Using Visual Studio.NET it is simple to construct a Web Form that allows the user to enter data and then call the Web service using the entered values. To begin, you have to create a reference to the Web service. In this case, the form, the service, and the database all run on the same development machine. Figure 1 shows how you would add a reference to the Web service that handles the data entry (mentioned above). This generates a Web services proxy that you can use in your Web Form code to pass the data to the Web service.


HostSVC.AffiliateClass affThis = new HostSVC.AffiliateClass(); affThis.UserName = txtName.Text; affThis.UserDescription = txtDescription.Text; affThis.Address1=txtAddress1.Text; affThis.Address2=txtAddress2.Text; affThis.City=txtCity.Text; affThis.Country=txtCountry.Text; affThis.State=txtState.Text; HostSVC.API theAPI = new HostSVC.API(); int nID = theAPI.NewAffiliate(affThis); if(nID==0) { lblStatus.Text = "Update Rejected. Please hit REFRESH and try again"; } else { lblStatus.Text = "Update Successful, your AffiliateID is :" + nID; }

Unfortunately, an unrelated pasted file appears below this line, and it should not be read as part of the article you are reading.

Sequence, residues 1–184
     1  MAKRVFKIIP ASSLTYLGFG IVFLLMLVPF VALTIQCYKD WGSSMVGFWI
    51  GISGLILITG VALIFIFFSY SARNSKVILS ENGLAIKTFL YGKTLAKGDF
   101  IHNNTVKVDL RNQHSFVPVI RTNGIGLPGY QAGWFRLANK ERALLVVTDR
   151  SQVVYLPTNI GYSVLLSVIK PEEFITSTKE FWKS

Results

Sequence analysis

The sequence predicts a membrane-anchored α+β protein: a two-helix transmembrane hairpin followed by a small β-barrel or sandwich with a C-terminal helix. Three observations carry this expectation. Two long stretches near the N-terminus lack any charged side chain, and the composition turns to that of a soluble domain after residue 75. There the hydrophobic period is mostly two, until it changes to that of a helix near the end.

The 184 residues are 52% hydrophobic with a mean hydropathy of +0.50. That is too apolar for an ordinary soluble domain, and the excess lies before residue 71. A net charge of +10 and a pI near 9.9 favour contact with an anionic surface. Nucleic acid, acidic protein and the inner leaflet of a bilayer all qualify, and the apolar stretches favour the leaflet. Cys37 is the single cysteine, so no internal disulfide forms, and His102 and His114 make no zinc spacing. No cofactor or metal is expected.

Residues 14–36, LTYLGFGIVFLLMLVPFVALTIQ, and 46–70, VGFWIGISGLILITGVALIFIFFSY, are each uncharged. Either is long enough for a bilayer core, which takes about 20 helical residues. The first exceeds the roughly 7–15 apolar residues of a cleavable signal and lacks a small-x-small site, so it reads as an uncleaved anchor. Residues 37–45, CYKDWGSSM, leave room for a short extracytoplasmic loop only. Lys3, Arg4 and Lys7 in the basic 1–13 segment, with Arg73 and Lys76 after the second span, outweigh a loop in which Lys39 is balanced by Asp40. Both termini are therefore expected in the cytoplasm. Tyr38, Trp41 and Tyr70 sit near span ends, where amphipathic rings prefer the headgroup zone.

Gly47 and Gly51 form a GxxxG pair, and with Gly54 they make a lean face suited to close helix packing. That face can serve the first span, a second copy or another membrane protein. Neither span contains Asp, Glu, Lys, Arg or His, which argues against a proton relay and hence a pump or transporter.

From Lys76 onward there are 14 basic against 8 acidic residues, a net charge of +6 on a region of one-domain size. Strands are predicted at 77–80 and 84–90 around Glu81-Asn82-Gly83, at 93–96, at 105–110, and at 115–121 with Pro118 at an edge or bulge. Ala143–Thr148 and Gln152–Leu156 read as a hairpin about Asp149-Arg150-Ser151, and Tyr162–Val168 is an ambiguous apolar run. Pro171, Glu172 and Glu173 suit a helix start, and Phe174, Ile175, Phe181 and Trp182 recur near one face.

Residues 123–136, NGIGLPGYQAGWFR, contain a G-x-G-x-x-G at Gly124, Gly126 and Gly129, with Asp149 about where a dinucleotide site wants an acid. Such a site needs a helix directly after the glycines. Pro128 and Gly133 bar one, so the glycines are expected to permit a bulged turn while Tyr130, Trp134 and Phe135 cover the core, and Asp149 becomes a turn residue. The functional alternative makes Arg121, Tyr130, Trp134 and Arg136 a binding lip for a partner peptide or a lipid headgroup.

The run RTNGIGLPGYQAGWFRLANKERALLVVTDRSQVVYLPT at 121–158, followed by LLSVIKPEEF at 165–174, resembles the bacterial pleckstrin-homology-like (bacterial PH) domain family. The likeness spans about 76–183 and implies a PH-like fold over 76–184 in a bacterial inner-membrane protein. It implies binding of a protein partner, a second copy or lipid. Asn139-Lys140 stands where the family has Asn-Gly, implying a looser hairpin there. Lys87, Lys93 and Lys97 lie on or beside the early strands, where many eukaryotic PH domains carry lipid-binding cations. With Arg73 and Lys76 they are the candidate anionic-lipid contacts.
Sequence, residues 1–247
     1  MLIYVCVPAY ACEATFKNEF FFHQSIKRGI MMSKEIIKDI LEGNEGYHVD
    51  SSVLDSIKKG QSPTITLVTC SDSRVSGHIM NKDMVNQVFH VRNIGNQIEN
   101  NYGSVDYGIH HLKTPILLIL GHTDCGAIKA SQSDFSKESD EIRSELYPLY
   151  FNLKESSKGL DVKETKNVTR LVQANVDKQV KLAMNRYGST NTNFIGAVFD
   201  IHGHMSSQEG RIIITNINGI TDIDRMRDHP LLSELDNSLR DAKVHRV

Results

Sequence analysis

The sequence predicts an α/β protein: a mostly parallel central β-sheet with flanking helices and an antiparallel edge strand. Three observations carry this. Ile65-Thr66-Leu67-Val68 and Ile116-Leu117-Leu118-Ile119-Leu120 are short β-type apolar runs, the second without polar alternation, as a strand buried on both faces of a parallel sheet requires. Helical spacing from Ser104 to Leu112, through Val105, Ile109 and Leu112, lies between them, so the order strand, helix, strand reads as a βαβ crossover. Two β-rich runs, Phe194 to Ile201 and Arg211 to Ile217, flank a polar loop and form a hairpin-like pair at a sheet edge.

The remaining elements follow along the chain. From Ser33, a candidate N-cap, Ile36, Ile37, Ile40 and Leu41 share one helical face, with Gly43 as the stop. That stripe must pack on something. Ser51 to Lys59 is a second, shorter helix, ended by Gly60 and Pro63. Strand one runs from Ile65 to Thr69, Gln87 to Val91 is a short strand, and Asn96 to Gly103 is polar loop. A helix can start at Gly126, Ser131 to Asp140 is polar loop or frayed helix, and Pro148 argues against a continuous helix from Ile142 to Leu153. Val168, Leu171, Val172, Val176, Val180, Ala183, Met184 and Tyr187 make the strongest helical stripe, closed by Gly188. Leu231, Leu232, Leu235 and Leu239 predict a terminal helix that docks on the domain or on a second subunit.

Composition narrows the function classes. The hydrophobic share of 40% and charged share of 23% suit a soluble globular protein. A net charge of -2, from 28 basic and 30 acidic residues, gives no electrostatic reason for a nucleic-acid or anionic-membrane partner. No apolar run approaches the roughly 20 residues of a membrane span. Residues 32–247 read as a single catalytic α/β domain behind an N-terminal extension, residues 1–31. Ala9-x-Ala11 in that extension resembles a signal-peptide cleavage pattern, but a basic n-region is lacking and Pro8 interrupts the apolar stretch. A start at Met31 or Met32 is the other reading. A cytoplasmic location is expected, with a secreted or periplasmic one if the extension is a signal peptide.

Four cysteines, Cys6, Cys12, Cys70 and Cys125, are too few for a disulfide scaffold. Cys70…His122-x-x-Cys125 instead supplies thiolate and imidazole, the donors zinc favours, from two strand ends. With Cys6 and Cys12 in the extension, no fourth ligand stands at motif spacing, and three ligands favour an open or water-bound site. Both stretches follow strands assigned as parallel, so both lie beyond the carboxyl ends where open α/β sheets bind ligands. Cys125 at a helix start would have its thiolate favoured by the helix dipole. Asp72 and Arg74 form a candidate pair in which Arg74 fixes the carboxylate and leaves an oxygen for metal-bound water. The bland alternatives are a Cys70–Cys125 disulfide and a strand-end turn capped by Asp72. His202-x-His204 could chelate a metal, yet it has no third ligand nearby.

Author's Note: In a production system you should have extensive data validation to prevent SQL injection attacks as well as comprehensive error handling. Both have been omitted in this tutorial for the sake of clarity.

In a production system, you would want to send an email confirmation sent to the affiliate after sign up, but for the sake of brevity, this system just displays the confirmation on screen, along with the new ID that has been assigned to this affiliate.

Constructing a Sales Interface API